MG – Santiago’s Road Home

Diaz, Alexandra. Santiago’s Road Home. Simon & Schuster Books for Young Readers, 2020. 978-1-534-44623-6. $17.99. 325 p. Grades 5-8.

Once more author Alexandra Diaz raises our consciousness about the plight of Central American immigrants in our country at this critical time. As she did in The Only Road and Crossroads, Diaz gives a fact-based novel of Santiago Garcia Reyes’s escape from domestic abuse in Mexico through the desert to the detention centers of New Mexico. She does not pull any punches describing the sacrifices and suffering Santiago endures as he makes his way to America with newfound “family” Maria Dolores and her five-year-old daughter, Alegria. After being thrown out once again from a relative’s home where he worked as a free babysitter, Santiago refuses to return to his abusive, neglectful grandmother. Instead, he makes the acquaintance of the kind and generous Maria Dolores and her young daughter and convinces her to take him as they migrate to the United States where Maria Dolores’s sister owns a restaurant. For the first time since his Mami died when he was five-years-old, Santiago feels loved and cared for; and he reciprocates by being the protective big brother. By working in the cheap tavern at the crossroads, he discovers Dominquez, the best coyote to help them cross. Unfortunately, rival coyotes kill Dominquez, leaving the refugees abandoned just shy of the border. Diaz describes the arduous and dangerous journey through the desert, dodging border patrol officers and experiencing dehydration and hunger under a blistering sun. Their efforts end in hospitalization and detention. Again, Diaz intertwines facts and realistic representation about the conditions children suffer in the detention centers, yet maintains both the negative and positive aspects. Some of the detention center guards are kind; some are arrogant brutes. Minor characters like an interested teacher and volunteering lawyers give the story balance. The distress and maltreatment of Santiago as he lingers in detention as well as his brave struggle to belong to a loving family is heart wrenching and sure to instill empathy and compassion toward a timely situation. Includes a glossary of Spanish terms and extensive resources.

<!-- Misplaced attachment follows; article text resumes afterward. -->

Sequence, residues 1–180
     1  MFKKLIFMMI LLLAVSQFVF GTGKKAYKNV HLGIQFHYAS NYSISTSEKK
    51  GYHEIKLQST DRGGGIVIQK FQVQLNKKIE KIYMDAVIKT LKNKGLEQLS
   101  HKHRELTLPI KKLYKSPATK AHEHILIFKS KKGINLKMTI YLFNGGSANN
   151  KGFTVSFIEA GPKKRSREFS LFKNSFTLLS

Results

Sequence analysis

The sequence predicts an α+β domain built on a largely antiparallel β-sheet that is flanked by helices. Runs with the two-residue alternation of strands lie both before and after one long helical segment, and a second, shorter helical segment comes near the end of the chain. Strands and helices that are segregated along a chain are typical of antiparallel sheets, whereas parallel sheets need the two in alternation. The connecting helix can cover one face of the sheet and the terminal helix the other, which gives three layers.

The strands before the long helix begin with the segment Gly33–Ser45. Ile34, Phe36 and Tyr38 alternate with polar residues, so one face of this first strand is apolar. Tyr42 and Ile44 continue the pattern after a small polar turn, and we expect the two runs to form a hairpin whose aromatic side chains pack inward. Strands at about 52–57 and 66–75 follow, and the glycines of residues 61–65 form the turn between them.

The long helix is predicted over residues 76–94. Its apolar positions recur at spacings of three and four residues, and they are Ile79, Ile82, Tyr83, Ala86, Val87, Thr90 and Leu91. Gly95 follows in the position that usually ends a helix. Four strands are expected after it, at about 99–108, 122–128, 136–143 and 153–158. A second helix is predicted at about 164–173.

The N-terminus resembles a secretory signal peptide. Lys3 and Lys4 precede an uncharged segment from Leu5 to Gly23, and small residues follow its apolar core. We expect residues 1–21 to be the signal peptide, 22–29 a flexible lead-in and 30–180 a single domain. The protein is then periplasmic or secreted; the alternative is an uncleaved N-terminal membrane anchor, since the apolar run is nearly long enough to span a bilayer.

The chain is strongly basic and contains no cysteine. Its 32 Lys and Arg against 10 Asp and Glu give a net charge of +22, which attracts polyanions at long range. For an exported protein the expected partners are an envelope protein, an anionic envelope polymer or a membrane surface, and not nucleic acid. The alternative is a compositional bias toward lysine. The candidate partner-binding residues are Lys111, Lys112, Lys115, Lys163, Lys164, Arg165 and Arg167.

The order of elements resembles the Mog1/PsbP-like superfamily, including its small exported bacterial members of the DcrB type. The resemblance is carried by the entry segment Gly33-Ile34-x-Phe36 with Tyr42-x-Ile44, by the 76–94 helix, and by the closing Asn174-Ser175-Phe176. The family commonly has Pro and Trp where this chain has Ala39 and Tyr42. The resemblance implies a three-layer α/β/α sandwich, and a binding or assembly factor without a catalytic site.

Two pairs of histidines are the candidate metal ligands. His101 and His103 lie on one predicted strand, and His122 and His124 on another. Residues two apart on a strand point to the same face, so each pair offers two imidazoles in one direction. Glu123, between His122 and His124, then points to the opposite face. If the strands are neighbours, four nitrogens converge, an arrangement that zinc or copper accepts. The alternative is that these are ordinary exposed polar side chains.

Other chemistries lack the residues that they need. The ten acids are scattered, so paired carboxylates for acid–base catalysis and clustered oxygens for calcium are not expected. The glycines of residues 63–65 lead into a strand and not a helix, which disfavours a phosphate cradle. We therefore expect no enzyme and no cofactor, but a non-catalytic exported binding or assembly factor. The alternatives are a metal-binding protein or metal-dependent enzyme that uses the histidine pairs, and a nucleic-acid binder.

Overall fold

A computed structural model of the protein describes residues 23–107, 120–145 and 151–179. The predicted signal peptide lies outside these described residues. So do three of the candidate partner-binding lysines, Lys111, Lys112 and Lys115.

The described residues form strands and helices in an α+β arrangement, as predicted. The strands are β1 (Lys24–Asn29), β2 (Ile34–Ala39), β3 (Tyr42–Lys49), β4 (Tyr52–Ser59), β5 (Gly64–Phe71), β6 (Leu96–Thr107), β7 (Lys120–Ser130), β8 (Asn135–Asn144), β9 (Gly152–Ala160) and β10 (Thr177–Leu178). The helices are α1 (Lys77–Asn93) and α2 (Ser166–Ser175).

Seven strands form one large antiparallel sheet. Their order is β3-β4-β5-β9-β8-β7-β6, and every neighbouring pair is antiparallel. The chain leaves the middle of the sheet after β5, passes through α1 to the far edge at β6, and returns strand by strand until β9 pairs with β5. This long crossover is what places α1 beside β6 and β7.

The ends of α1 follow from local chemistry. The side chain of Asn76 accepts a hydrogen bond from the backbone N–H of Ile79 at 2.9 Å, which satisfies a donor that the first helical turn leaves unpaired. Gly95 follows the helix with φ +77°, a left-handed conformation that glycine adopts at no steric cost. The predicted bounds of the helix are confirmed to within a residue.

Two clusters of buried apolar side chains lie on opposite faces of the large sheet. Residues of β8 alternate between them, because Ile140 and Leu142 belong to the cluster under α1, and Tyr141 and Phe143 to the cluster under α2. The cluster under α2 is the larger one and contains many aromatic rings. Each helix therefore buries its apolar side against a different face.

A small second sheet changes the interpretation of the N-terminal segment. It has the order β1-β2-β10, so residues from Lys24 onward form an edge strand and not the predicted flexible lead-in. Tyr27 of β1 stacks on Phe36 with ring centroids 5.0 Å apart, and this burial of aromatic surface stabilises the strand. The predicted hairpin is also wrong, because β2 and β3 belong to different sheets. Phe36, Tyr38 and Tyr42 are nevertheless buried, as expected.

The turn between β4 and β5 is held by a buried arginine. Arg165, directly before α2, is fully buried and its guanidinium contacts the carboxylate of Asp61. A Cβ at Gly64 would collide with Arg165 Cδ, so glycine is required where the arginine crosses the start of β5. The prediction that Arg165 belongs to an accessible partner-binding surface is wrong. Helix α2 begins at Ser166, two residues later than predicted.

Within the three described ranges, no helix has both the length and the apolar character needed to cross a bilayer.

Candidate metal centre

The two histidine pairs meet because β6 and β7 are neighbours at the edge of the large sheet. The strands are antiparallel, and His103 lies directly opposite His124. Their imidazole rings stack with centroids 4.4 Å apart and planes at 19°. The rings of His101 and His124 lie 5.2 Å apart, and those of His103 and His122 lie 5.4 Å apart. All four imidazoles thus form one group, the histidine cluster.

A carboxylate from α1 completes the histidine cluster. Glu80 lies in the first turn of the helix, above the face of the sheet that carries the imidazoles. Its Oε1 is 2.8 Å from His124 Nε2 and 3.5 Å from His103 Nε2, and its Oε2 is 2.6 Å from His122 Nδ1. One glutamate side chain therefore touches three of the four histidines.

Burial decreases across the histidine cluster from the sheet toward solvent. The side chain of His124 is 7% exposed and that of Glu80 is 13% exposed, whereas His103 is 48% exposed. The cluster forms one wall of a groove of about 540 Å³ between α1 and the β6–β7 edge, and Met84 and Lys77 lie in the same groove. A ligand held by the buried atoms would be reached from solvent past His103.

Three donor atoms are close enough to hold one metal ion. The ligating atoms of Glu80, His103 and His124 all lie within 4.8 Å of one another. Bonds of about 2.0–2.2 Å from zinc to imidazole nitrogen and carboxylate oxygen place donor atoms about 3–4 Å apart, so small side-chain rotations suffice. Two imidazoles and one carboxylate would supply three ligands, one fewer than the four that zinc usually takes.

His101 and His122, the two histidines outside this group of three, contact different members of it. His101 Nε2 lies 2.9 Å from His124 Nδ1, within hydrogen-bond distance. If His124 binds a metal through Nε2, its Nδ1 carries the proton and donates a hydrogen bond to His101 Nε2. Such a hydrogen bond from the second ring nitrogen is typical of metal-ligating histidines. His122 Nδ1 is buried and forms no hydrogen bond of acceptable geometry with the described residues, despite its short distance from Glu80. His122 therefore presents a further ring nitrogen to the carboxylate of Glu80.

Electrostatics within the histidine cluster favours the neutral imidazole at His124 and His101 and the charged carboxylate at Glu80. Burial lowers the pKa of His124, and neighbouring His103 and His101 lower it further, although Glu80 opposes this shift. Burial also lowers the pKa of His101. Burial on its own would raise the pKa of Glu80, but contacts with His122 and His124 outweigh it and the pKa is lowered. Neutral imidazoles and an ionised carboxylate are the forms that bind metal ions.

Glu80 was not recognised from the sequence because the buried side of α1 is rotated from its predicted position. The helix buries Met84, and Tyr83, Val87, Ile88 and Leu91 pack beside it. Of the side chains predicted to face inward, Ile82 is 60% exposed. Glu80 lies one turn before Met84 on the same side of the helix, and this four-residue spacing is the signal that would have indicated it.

THOUGHTS: Diaz’s writing has a way of creating a fully developed character and a well-rounded setting that arouses true sympathy in readers. This book can provide a reference point to discussions of undocumented immigrants, refugees, migration to America as well as current events around asylum seekers and their reasons for immigration.

Realistic Fiction          Bernadette Cooke, School District of Philadelphia

Elem. – The Paper Boat: A Refugee Story

Lam, Thao. The Paper Boat: A Refugee Story. Owlkids Books, 2020. 978-1-771-47363-7. 40 p. $17.95. Grades K-3.

The Paper Boat, inspired by events that happened during the author’s childhood, is a wordless picture book. The story begins with a Vietnamese family eating a meal together at the table. Throughout the course of their meal, ants invade the table in search of crumbs. The young daughter saves the ants from drowning in her soup as her parents watch tanks rumble past the windows. In the dead of night, the family travels quietly in search of the escape boat that will take them away from their war-torn country. The daughter and her mother find themselves separated from the others. To soothe her frightened child, the mother makes a boat out of paper. All seems lost until a trail of ants appears and leads them to their escape boat where they are able to join the others. The paper boat, left behind by the daughter, becomes the escape boat for the little ants as they make their way to a new world just like the family.

THOUGHTS: Because this is a wordless book, the pictures must tell the story, and they do just that. The illustrations, which look to be paper cut outs, beautifully show the emotional and physical struggle the family faces as they leave the only home they have known. This book could be appropriate for students even at the intermediate level as the illustrations can spur deep conversations about the hardships of war and the parallels between ant and refugee travels. This stunning book is a must-have for elementary and intermediate libraries.

Picture Book           Danielle Corrao, Manheim Central SD